# Understanding forces acting on solids

I've just started learning about axial stresses on solids, primarily soil samples and this is the first time I've encountered proper forces on solids, and we consider this over an area, previously I would be dealing with idealised point-particle based systems where we idealise forces as acting on points, as well as fluid systems, the idea of a force 'acting' at a point and a force acting over an area, of course at a point, the axial stress becomes arbitrarily large.

Do we simply ignore these things in the case of rigid bodies? If we apply a force at a point the pressure is ignored? On a body that is able to be deformed, do forces act on 'points' here as well? Why do some forces act on 'areas' and some on points?

• A force like that is the average force, and it acts on the center of mass or the point of action, which are also infinitesimally small Jul 1, 2023 at 19:44

There are situations, where some bodies can be considered rigid in an analysis, even though they represent deformable objects. Rigid body is a simplification like the force in some cases and also pressure (its really just forces if you go to atomic level and even on macro scale, the pressure can be for example considered constant when its actually not).

If we use rigid bodies and forces, the stresses that would arise in actual object are usually not considered at the moment, because all the forces may not be known. Often we can use simplified analysis with rigid bodies to determine unknown load values and then determine the stresses and deformations to check if assumption of rigid body was ok in the first place. For example if allowable stresses are not exceeded in a steel structure, you could generally consider it rigid (there are exceptions of course like wire ropes etc.).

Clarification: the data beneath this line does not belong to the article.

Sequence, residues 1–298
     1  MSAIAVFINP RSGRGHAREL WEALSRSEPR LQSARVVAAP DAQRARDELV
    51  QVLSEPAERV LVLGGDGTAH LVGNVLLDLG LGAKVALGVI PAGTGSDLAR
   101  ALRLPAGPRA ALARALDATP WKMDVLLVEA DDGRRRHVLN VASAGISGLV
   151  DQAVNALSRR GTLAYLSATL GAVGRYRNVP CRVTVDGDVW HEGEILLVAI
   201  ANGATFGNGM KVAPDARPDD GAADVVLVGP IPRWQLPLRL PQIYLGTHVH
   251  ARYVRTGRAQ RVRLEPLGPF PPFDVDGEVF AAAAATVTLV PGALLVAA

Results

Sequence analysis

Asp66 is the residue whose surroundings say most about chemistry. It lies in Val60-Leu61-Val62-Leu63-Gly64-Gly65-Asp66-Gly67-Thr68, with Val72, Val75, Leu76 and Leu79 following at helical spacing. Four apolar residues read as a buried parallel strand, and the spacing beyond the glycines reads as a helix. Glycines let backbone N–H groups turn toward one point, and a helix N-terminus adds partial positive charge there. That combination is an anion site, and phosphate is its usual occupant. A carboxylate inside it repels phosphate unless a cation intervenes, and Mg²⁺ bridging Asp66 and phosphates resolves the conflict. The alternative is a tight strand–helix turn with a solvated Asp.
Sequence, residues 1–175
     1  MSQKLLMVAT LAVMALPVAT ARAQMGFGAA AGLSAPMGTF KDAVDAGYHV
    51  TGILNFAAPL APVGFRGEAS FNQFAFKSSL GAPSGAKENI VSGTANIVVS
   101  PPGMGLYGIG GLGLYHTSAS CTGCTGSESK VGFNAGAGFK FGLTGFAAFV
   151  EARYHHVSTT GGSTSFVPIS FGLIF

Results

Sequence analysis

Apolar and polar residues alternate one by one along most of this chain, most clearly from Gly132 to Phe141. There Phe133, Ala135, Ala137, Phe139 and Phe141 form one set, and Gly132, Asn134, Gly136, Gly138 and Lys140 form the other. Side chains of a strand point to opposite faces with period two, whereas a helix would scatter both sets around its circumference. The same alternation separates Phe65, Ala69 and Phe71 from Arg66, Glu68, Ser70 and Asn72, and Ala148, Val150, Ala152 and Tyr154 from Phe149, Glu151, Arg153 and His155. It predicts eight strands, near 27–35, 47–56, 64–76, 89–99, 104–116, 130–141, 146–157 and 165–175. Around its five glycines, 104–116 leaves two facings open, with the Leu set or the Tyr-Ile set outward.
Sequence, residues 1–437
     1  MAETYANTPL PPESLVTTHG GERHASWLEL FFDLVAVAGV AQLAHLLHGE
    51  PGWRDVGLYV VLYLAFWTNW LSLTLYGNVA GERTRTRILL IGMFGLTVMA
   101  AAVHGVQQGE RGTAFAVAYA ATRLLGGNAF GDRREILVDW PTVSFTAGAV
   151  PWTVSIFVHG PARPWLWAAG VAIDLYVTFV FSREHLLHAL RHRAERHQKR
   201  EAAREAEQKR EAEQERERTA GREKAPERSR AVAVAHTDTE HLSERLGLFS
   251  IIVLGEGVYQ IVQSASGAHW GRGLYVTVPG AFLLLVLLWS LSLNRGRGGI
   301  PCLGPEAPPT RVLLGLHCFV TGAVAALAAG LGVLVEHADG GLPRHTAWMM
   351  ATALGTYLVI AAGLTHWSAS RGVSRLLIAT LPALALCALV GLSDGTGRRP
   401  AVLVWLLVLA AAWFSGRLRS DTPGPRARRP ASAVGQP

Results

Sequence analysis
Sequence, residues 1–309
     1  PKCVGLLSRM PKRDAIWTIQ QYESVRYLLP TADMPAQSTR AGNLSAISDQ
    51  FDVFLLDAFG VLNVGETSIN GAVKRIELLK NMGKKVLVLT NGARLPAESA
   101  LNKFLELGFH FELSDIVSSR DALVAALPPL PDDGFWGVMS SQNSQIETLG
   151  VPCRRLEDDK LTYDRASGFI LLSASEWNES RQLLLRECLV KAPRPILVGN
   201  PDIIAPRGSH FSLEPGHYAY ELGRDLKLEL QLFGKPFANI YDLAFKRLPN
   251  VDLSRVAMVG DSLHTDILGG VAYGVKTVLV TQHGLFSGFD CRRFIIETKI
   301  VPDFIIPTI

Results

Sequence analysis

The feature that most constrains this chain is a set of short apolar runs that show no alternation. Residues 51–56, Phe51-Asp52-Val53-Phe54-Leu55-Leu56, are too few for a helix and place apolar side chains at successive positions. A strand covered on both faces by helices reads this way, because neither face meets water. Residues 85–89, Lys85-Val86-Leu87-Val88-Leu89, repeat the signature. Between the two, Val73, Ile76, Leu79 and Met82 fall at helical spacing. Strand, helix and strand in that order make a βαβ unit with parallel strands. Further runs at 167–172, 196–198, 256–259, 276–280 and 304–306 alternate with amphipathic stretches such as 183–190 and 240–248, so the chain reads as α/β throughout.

This reminds me of a George Box quote: "All models are wrong, but some are useful."

No matter how small it is, the contact Force is always acting over/on a finite area that produces stresses. However, depending on the purpose of computation, and the scale of the matters, we can let it remain a point force, or expressed as the stress resulting from F/A.

In the figure below, each of the 1' x 1' columns supports 10k concentrated force, and in turn, the columns are supported by a 3' x 6' concrete footing. For design, in order to be able to compare to the code-prescribed design values, the engineers are required to get the stress/pressure at each of the contact surfaces, that is P = F/A, or under the column, Pc = 10k/144 in^2, and Pf = 20k/18 sf at the concrete footing and soil interface.

However, now let's say the same columns are supported by a long narrow beam of a warehouse, the structural engineer would carry out the design by treating them as needle-point forces, rather than deriving the pressure/stress at contact faces, because the contact force is of secondary interest for the task.